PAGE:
Kenya’s current account deficit narrowed to 4.2 percent of GDP in the 12 months to May from 5.8 percent in the corresponding period in 2018 buoyed by higher horticulture and tourism inflows.
The current account measures the balance between hard currency inflows and outflows and affects the strength of the shilling.
By the end of last year, the deficit stood at five percent, but has been progressively narrowing this year.
In the 12 months to April the deficit stood at 4.5 percent, meaning the country’s position improved in May.
“This reflects strong performance of exports particularly horticulture, resilient diaspora remittances, and higher receipts from tourism and transport services. Lower food imports also contributed to the narrower trade balance,” said CBK in its latest weekly bulletin.
In the last Monetary Policy Committee briefing held end of May, CBK had attributed the growth in horticulture export earnings to increased acreage under cultivation, better internal surveillance (hence lower losses), improved market access for crops such as avocado and access to new markets such as China.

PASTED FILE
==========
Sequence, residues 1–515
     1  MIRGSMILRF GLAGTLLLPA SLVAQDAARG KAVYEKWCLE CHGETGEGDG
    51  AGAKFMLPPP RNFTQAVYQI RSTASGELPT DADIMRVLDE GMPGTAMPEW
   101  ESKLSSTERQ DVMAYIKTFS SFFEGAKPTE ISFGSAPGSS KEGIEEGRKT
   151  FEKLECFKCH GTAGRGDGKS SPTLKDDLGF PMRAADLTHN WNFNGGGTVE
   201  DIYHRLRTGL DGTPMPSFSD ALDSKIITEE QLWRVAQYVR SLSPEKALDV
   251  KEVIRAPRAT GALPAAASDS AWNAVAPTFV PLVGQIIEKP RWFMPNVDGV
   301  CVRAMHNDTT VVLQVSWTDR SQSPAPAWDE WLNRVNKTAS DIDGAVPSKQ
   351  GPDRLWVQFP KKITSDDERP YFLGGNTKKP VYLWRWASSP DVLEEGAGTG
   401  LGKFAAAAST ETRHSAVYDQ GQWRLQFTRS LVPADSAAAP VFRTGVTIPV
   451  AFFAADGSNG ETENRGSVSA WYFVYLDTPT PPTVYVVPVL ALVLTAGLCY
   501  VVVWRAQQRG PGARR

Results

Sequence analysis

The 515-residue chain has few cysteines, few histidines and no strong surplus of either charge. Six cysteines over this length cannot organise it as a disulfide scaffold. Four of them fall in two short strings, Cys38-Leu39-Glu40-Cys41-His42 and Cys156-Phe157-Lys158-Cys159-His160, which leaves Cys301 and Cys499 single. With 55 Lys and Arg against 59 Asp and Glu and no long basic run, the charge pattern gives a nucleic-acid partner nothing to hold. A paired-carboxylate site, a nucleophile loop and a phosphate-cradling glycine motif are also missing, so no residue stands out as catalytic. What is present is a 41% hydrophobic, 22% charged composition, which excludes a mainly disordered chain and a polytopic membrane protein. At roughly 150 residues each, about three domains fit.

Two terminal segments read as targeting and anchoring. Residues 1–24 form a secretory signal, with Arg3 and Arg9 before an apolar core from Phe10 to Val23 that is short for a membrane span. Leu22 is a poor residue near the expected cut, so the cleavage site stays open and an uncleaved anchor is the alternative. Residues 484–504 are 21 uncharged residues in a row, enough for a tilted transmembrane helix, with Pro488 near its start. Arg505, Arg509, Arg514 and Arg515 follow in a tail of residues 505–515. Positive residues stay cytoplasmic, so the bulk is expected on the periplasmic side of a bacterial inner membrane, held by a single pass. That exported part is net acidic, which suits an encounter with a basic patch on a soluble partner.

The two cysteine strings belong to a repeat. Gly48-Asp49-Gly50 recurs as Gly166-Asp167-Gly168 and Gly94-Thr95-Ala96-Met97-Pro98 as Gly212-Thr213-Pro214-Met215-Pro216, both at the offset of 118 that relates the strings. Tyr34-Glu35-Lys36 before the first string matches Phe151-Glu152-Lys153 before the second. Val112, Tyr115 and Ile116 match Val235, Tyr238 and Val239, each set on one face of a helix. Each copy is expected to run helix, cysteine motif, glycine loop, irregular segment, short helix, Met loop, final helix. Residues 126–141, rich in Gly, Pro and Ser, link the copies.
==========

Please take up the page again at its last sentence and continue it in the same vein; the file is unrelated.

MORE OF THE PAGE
In the 12-months to April, horticulture earnings stood at Sh107.6 billion ($1.046 billion), up by Sh11.2 billion ($109 million) or 11.6 percent compared to the 12-month period to April 2018.
Tourism earnings rose to Sh106.7 billion in the 12-months to April 2019 compared to Sh101.4 billion in similar period in 2018.
Horticulture export and tourism earnings for May 2019 are yet to be announced.
The growth in the two categories has partly covered for the slower growth in diaspora remittances this year compared to the rapid increase last year.
CBK projects that the current account deficit will stand at 4.8 percent by the end of the year.